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    Child Tax Credit

    7/14/2021

    Answers to Your Questions About the 2021 Child Tax Credit

    As you may be aware, the U.S. government has expanded the child tax credit for 2021 as part of the American Rescue Plan Act. At MCCU, we want to help you understand these changes and the ways they could affect your family. See below for answers to some frequently asked questions about the 2021 child tax credit, along with links to additional resources from the IRS.

    Child Tax Credit

    What’s changed for 2021?

    Although the child tax credit itself is not new, it has been updated for 2021 in some important ways. These changes include: 

    • Expanded eligibility to include children turning 17 in 2021 
    • Bigger maximum credit amounts
    • Automatic partial payment in advance for qualifying families (based on estimated eligibility)
    • Expanded eligibility to include parents who don’t have an income or owe income tax

    What do these changes mean for me?

    Unlike other years, when you’ve had to wait until you file your taxes to claim the child tax credit, this year the IRS will be making payments in advance to most qualifying families, either by check or direct deposit. Qualifying families will typically receive half the credit amount in monthly installments between July 15 and the end of the year. They will receive the other half after claiming the credit on their 2021 tax returns. 

    Who qualifies for advance child tax credit payments?

    Advance child tax credit payments will be made to families that meet certain income requirements and have at least one qualifying child who will be age 17 or younger at the end of 2021. In general, the following income thresholds apply:

    • $75,000 or less for single taxpayers
    • $112,500 or less for heads of household
    • $150,000 or less for married couples filing jointly (and qualifying widows and widowers)

    Families that exceed these thresholds may still receive a partial credit, depending on income.

    How do I know if I’m eligible?

    You can check your eligibility online at the IRS website here. To use the IRS eligibility assistant, you will need to refer to a copy of your 2020 tax return, or your 2019 return if you haven’t filed yet for 2020. You may still be able to use the tool to estimate your eligibility even if you don’t have your tax documents handy, as long as you are able to answer some questions about your income and filing status.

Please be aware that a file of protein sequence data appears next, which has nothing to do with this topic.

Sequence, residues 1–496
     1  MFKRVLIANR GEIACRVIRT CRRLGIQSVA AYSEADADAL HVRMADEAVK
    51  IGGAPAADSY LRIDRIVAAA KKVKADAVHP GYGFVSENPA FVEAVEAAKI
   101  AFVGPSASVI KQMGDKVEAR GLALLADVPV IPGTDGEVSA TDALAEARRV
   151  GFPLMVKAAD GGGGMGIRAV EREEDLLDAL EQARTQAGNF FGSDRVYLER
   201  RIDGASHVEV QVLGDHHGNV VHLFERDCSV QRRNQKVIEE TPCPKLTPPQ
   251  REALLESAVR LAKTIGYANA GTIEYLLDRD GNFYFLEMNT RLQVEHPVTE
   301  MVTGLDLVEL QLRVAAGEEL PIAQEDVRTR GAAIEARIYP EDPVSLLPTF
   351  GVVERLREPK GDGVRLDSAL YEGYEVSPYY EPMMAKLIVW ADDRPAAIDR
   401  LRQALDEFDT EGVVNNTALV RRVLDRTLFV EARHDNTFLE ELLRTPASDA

How much will I receive?

    The size of your 2021 child tax credit payments depends on your specific income and other factors. However, eligible families can typically receive up to $3,000 per qualifying child ages 6 to 17, and up to $3,600 per qualifying child age 5 and under. Families who qualify for advance payments can receive up to $250 per month for each child age 6 to 17, and up to $300 per month for each child under 6 through the end of 2021.

    How do I get my payment?

    In most cases, if you’re eligible for the 2021 child tax credit and you filed taxes in 2019 or 2020, you don’t need to do anything to receive your advance payments. The IRS will use the information you’ve provided in the past to evaluate your eligibility and automatically enroll you for advance payments if you qualify. However, if your circumstances have changed since you last filed taxes, or if you have not filed yet for 2019 or 2020, you may need to provide the IRS with additional information. To learn more about receiving your payments, including information for non-filers, visit the IRS website here

    What else should I know?

    While this year’s advance payments may allow you to collect your child tax credit sooner, it’s important to keep in mind that the payments are based on an estimate of your eligibility at the end of 2021 — and if you are paid more than you end up qualifying for, you could be required to repay the IRS for any extra when you file your taxes. This could happen, for example, if your income increases substantially in the second half of 2021 and makes you ineligible for the credit after you receive payment. See the FAQ page on the IRS website to learn more about updating your information or unenrolling from advance payments to avoid overpayment.

    MCCU does not provide tax or legal advice. Please consult with your own professional services provider for more information on the credit and related matters. This information is provided for general information purposes only.



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